Explaining legislative decision-making in the European Union

Robert Thomson, Madeleine O. Hosli

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This book examines how legislation is made in the European Union (EU). Taking decisions in the European Union requires overcoming controversy and disagreement. European decision-makers' ability to resolve controversy has been tested by three developments. First, the number of member states increased from six to 25, with the prospect of further enlargement in the near future. Second, changes to the formal decision-making procedures increased the institutional power of the European Parliament. Third, the European Union expanded its involvement in policy areas from its focus on the internal market and freedom of movement across borders to include economic and monetary union, environmental policy, competition, and social policy among others. There are numerous recent and high-profile examples of the challenges European decision-makers face in reaching political agreements amid controversy. One such example concerned the question of whether Germany should be given an official warning under the Stability Pact for its excessive budget deficit. Germany was not allowed to vote on the proposal to give such a warning, since the warning was directed against itself. Nonetheless, with the help of the Italian Presidency, it managed to turn unanimous support for the proposed warning into a vote against the proposal. The European Commission opposed this decision, and successfully overturned it in the European Court of Justice. This outcome, and the way it was achieved, challenged the view that important decisions need the support of all member states, even when this is not formally required.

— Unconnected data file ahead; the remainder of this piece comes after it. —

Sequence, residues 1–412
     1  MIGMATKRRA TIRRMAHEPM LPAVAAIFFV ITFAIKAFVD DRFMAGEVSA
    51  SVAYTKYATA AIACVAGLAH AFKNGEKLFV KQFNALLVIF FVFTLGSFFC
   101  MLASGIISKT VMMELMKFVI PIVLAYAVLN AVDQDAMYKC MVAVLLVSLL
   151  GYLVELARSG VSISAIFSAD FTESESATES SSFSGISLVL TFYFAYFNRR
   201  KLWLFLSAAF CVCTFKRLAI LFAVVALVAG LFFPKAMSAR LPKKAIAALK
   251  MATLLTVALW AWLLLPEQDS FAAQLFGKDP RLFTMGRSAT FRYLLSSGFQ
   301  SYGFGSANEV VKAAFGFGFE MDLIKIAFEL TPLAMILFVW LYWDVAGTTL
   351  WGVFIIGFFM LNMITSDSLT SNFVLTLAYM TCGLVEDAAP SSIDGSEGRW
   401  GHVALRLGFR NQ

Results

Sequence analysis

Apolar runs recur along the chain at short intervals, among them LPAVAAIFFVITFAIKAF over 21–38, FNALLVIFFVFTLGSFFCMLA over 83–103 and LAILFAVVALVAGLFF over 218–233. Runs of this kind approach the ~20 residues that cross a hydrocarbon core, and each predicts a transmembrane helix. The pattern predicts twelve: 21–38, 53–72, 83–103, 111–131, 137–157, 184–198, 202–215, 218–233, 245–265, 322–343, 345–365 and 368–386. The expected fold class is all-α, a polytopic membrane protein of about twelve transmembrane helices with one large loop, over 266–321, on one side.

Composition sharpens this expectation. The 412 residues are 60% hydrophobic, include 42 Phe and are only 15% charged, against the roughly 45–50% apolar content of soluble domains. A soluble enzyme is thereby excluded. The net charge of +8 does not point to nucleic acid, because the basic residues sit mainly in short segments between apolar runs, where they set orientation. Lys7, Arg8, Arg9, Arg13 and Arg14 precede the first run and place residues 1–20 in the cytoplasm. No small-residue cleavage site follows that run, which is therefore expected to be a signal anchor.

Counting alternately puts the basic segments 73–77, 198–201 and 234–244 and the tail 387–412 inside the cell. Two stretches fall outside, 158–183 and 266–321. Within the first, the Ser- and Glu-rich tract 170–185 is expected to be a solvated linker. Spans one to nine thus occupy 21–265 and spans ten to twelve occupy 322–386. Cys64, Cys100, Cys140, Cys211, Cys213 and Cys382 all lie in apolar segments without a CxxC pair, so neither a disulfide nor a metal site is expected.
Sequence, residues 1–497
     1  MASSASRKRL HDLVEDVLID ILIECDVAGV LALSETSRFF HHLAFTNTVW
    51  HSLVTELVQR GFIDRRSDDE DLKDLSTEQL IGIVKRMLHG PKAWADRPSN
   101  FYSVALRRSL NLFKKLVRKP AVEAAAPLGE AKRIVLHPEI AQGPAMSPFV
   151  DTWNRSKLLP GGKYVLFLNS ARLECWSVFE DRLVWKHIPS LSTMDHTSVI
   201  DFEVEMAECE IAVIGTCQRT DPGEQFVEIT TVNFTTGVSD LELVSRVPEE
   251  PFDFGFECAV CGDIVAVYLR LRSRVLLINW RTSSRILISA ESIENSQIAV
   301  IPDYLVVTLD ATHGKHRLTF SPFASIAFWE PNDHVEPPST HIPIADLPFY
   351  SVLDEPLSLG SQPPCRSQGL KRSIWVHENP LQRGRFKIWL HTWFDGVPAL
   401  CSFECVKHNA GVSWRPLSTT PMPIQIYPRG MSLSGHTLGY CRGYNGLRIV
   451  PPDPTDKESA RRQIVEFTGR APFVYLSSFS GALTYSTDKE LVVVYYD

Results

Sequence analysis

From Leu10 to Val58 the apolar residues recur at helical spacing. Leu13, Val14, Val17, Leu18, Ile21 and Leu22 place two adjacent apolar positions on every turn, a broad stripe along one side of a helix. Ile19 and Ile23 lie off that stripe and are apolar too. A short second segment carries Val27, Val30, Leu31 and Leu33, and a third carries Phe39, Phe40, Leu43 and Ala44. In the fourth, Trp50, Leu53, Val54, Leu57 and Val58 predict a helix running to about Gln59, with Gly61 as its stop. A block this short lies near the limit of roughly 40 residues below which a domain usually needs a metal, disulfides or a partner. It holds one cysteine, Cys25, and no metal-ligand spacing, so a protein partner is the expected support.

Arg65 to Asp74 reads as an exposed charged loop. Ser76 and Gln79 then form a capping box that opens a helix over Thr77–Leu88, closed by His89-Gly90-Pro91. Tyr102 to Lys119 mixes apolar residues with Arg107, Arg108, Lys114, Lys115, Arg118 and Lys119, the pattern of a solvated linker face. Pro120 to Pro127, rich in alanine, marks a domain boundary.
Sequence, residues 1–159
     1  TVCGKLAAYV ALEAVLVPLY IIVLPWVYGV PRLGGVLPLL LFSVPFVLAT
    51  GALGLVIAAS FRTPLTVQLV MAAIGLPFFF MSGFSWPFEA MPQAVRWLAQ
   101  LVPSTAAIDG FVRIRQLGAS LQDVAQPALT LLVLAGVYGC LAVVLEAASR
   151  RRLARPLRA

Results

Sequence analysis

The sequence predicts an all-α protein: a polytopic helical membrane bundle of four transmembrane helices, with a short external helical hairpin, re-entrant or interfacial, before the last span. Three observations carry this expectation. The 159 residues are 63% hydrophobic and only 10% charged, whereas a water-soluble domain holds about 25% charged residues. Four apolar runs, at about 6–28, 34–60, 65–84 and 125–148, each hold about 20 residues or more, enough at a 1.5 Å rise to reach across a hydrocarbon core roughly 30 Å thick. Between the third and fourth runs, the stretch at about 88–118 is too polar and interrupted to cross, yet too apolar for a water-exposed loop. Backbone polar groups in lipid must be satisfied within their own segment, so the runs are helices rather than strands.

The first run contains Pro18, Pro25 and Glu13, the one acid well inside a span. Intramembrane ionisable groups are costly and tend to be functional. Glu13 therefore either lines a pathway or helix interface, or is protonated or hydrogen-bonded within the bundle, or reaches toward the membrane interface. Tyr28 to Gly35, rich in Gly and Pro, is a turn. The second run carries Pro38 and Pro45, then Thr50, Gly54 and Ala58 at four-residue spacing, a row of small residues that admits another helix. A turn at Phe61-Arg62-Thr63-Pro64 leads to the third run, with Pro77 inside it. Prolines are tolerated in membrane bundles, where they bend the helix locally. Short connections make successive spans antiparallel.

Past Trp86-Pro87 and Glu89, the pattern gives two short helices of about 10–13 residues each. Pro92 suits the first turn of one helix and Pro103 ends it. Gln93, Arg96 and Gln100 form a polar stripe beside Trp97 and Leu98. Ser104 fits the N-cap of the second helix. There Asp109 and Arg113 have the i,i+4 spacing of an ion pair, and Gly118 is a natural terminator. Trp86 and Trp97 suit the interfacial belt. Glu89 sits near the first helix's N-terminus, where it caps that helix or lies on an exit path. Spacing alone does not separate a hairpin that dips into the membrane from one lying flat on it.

Original languageEnglish
Title of host publicationThe European Union Decides
PublisherCambridge University Press
Number of pages24
ISBN (Electronic)9780511492082
ISBN (Print)0521861896, 9780521861892
Publication statusPublished - 1 Jan 2006
Externally publishedYes

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